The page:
NORTHWEST ATLANTIC FISHERIES ORGANIZATION ANNUAL MEETING: This meeting will take place from 21-25 September 2009, in Bergen, Norway. For more information, contact: Barbara Marshall; tel: +1-902-468-5590; fax: +1-902 468-5538; e-mail:; internet:

ASIA PACIFIC FISHERIES COMMISSION EXECUTIVE COMMITTEE – 72ND SESSION: This executive committee meeting is scheduled to take place from 23-25 September 2009, in Seoul, Republic of Korea. For more information, contact: Simon Funge-Smith, Secretary APFIC; tel: +66-2697-4149, fax: +66-2697-4445; e-mail:; internet:

SOUTH EAST ATLANTIC FISHERIES ORGANISATION – SIXTH ANNUAL MEETING: This meeting will take place from 5-8 October 2009, in Windhoek, Namibia, and will be preceded by a meeting of the Scientific Committee. For more information, contact: Ben van Zyl, Executive Secretary; tel: +264-64-220387; fax: +264-64-220389; e-mail:; internet:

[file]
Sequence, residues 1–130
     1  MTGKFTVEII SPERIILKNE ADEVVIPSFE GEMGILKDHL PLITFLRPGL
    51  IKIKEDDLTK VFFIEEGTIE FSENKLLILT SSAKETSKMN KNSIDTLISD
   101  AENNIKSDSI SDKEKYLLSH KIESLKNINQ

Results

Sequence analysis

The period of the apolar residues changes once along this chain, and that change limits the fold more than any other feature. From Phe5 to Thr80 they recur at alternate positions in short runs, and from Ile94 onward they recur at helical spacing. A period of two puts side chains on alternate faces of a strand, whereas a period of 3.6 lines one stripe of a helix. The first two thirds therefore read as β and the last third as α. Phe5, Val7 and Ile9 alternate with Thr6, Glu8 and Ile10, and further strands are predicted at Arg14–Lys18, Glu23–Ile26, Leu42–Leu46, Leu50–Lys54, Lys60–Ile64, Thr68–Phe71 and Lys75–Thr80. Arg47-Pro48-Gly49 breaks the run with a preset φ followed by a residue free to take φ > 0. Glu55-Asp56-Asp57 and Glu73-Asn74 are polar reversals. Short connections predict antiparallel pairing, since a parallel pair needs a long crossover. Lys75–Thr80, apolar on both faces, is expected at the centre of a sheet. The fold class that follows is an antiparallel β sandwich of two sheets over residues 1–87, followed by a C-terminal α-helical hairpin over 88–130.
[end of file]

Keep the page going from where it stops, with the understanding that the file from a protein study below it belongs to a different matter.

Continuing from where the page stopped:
COMMISSION FOR THE CONSERVATION OF SOUTHERN BLUEFIN TUNA – 16TH MEETING: This meeting will take place from 20-23 October 2009, in Jeju Island, Korea. For more information, contact: Robert Kennedy, CCSBT Executive Secretary; tel: +61-2-6282-8396; fax: +61-2-6282-8407; e-mail:; internet:

NORTH EAST ATLANTIC FISHERIES COMMISSION ANNUAL MEETING: This meeting will take place from 9-13 November 2009, in London, UK. For more information, contact: NEAFC Secretariat; tel: +44-207-631-0016; fax: +44-207-636-9225; e-mail:; internet:

INTERNATIONAL COMMISSION FOR THE CONSERVATION OF ATLANTIC TUNA – 21ST MEETING: This meeting will take place from 16-22 November 2009, in Recife, Brazil. The meeting will be preceded by a working group on sport and recreational fisheries and a compliance committee meeting. For more information, contact: ICCAT Secretariat; tel: +34-914-165-600; fax: +34-914-152-612; e-mail:; internet: